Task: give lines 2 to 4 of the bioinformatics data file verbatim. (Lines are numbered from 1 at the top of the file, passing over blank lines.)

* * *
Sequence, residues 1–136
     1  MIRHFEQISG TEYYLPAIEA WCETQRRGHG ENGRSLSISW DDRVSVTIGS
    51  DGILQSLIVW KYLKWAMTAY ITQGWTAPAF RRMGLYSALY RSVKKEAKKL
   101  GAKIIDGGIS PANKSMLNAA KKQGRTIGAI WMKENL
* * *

     1  MIRHFEQISG TEYYLPAIEA WCETQRRGHG ENGRSLSISW DDRVSVTIGS
    51  DGILQSLIVW KYLKWAMTAY ITQGWTAPAF RRMGLYSALY RSVKKEAKKL
   101  GAKIIDGGIS PANKSMLNAA KKQGRTIGAI WMKENL